The Trump Administration, headed by Education Secretary Betsy DeVos, has proposed a draft version of new policies on college sexual misconduct. The long-awaited unofficial plans come after years of deliberation. According to an article by the New York Times, the policies are intended to strengthen the rights of students accused of sexual assault, rape, or harassment, minimize the liability of higher education institutions in misconduct cases and coax colleges and universities to provide more support for alleged victims.
Here's a breakdown of some of the most impactful new Title IX policies.
Reporting to officials
Under the new guidelines, alleged victims or any other person who is planning on bringing a complaint must report the incident to an official with the authority to institute corrective measures. It is then, and only then when the institution will be legally accountable for the complaint. At this point, a complainant has wide discretion as to what they can do next, whether it be to start mediation, drop the complaint, or initiate the Title IX resolution process.
It isn't clear at the moment which campus administrators would qualify as officials with this kind of authority. All that is clear is that if a student reports the incident to someone who isn't a designated official, the university isn't obligated to resolve the complaint. This mandate is strikingly different from rules imposed under Obama-era guidelines, where a school was bestowed the responsibility of investigating if the institution knew, or should have reasonably known, about the allegation.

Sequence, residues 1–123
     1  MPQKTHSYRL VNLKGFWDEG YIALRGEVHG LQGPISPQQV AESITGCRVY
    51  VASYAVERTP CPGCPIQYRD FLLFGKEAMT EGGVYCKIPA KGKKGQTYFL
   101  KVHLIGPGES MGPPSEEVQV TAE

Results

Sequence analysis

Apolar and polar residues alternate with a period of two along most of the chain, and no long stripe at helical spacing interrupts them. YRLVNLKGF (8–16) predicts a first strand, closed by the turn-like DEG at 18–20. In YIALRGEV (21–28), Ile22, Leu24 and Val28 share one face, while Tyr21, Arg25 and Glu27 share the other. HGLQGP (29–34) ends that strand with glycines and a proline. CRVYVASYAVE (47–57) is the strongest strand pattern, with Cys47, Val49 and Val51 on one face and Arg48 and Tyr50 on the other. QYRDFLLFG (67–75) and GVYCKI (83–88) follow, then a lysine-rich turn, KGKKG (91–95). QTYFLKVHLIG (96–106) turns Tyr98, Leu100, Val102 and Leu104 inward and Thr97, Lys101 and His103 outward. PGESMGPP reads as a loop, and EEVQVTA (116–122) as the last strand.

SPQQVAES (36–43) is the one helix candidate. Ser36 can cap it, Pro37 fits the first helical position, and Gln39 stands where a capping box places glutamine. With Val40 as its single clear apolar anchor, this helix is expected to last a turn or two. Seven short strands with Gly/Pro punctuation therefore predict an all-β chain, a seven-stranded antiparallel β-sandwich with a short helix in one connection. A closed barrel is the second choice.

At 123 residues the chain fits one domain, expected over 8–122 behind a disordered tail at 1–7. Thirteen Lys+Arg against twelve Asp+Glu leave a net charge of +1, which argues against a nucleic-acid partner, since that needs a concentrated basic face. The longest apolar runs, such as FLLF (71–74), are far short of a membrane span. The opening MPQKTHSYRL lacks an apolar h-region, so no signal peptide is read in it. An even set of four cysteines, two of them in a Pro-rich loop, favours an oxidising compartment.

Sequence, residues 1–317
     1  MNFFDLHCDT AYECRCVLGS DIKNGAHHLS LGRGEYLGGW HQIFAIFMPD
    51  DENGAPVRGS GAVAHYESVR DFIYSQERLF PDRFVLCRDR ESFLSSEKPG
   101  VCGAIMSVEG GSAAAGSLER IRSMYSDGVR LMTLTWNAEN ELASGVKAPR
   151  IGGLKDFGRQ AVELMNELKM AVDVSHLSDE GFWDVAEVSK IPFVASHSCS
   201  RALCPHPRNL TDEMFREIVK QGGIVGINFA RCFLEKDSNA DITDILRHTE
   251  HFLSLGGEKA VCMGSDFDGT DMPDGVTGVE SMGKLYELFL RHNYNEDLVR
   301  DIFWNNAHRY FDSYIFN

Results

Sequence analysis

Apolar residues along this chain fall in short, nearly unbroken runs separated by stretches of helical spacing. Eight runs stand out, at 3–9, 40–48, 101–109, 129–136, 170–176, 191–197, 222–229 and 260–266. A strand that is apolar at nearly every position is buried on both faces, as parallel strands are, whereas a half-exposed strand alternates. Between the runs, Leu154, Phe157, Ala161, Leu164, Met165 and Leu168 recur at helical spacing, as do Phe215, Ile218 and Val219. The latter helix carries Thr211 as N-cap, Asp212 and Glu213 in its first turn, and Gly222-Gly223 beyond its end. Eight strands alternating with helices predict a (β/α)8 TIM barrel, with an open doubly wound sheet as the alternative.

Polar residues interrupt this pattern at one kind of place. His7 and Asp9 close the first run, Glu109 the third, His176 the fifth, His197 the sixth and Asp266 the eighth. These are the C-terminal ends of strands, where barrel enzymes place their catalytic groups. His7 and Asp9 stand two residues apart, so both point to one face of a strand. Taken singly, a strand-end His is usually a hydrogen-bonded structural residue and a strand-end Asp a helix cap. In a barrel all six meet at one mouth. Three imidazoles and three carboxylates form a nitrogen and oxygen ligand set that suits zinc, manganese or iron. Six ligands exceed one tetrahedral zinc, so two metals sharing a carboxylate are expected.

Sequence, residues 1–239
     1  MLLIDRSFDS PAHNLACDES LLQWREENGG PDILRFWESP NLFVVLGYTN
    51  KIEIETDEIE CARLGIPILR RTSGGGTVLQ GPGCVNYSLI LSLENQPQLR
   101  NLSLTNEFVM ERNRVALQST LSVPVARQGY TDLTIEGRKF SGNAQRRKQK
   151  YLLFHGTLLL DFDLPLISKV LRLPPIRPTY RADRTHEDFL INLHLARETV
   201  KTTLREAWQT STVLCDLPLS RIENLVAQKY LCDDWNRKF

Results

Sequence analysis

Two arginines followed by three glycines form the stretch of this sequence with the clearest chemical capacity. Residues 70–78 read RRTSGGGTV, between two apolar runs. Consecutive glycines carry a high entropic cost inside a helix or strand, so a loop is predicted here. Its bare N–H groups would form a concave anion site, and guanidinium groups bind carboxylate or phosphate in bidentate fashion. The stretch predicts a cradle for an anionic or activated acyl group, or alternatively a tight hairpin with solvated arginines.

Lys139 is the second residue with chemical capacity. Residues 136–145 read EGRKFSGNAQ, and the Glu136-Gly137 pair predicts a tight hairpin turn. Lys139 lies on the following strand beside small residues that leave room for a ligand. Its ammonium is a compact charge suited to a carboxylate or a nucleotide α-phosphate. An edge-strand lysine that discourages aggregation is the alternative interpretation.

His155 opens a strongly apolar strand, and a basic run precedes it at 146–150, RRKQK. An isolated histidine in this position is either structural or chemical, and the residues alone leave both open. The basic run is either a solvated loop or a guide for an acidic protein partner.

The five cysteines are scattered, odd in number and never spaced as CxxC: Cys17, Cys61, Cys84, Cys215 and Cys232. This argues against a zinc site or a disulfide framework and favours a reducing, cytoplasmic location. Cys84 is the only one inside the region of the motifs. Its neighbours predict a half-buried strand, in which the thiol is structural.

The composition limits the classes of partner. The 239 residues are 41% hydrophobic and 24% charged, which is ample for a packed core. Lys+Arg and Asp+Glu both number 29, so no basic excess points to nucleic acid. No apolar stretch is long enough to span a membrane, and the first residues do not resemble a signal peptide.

On and off campus incidents
The new policies suggest that if an incident of sexual misconduct occurs off campus, it falls outside of the school's jurisdiction, and therefore cannot be pursued or resolved by said school. Areas that fall outside of school jurisdiction would include off-campus housing, off-campus fraternity houses, and local bars and restaurants. This rule majorly contrasts the rules under the Obama administration, which dictates that schools are to investigate any allegations of alleged sexual misconduct that occurred between two students, regardless of where the incident occurred.
Many incidents of campus sexual misconduct occur off-campus since a large number of U.S. college students live outside campus bounds. Additionally, accusers and the accused at community colleges - which generally don't have campus housing - will also be affected by this clause.
Once officially released, the proposed guidelines will have to endure a lengthy process before they're approved for implementation. But if the Trump Administration's policies remain consistent with last year's interim guidance and the proposed regulations released last week, they could drastically transform the landscape of sexual assault adjudication processes on campuses as we know it.
Nationwide Title IX Advisor
The only way to make sure your voice is heard and your rights are upheld is to retain a student defense attorney. For respondents, especially, the assistance of an attorney advisor is invaluable in the Title IX process. National Title IX attorney Joseph D. Lento has the skill, experience, and expertise to help you preserve your entitled rights under Title IX and your school's policy. For a case evaluation or more information about his representation, contact him online or give him a call at 888-535-3686 today.